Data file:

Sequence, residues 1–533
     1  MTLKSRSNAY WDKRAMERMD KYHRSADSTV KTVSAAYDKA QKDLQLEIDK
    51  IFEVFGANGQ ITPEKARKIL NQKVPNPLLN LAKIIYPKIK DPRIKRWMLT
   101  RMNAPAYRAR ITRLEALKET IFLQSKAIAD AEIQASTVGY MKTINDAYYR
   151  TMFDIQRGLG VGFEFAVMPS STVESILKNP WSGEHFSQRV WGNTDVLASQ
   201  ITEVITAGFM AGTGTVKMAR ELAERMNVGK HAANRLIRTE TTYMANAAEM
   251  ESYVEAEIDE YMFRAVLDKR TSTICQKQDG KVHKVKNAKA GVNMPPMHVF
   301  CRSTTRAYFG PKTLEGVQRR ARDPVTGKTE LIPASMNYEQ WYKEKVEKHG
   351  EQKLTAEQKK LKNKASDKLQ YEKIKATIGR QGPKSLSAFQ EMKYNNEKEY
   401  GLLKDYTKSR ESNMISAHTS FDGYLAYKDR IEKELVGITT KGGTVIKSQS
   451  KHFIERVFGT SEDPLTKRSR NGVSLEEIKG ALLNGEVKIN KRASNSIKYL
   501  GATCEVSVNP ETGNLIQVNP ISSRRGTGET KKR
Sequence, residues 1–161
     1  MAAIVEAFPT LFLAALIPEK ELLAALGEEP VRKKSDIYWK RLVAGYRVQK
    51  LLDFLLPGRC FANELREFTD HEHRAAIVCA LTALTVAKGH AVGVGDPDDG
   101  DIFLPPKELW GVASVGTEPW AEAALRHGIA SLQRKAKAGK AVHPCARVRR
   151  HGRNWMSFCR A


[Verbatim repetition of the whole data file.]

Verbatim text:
Sequence, residues 1–533
     1  MTLKSRSNAY WDKRAMERMD KYHRSADSTV KTVSAAYDKA QKDLQLEIDK
    51  IFEVFGANGQ ITPEKARKIL NQKVPNPLLN LAKIIYPKIK DPRIKRWMLT
   101  RMNAPAYRAR ITRLEALKET IFLQSKAIAD AEIQASTVGY MKTINDAYYR
   151  TMFDIQRGLG VGFEFAVMPS STVESILKNP WSGEHFSQRV WGNTDVLASQ
   201  ITEVITAGFM AGTGTVKMAR ELAERMNVGK HAANRLIRTE TTYMANAAEM
   251  ESYVEAEIDE YMFRAVLDKR TSTICQKQDG KVHKVKNAKA GVNMPPMHVF
   301  CRSTTRAYFG PKTLEGVQRR ARDPVTGKTE LIPASMNYEQ WYKEKVEKHG
   351  EQKLTAEQKK LKNKASDKLQ YEKIKATIGR QGPKSLSAFQ EMKYNNEKEY
   401  GLLKDYTKSR ESNMISAHTS FDGYLAYKDR IEKELVGITT KGGTVIKSQS
   451  KHFIERVFGT SEDPLTKRSR NGVSLEEIKG ALLNGEVKIN KRASNSIKYL
   501  GATCEVSVNP ETGNLIQVNP ISSRRGTGET KKR
Sequence, residues 1–161
     1  MAAIVEAFPT LFLAALIPEK ELLAALGEEP VRKKSDIYWK RLVAGYRVQK
    51  LLDFLLPGRC FANELREFTD HEHRAAIVCA LTALTVAKGH AVGVGDPDDG
   101  DIFLPPKELW GVASVGTEPW AEAALRHGIA SLQRKAKAGK AVHPCARVRR
   151  HGRNWMSFCR A